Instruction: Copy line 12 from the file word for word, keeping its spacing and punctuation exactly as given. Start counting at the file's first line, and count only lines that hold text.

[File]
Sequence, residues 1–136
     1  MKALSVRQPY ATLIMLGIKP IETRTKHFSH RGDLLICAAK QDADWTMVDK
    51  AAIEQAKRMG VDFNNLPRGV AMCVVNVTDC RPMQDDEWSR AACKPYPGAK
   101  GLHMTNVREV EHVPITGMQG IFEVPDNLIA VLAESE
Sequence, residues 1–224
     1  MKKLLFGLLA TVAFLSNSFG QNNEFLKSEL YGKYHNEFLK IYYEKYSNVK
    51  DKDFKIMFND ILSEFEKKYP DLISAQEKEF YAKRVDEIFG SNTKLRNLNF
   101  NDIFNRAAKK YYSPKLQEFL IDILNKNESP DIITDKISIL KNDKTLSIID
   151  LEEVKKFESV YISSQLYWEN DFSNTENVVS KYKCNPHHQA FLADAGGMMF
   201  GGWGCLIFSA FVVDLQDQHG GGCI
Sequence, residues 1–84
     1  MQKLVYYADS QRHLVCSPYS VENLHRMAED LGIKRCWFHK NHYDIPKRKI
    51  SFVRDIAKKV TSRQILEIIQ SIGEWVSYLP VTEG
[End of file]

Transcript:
     1  MQKLVYYADS QRHLVCSPYS VENLHRMAED LGIKRCWFHK NHYDIPKRKI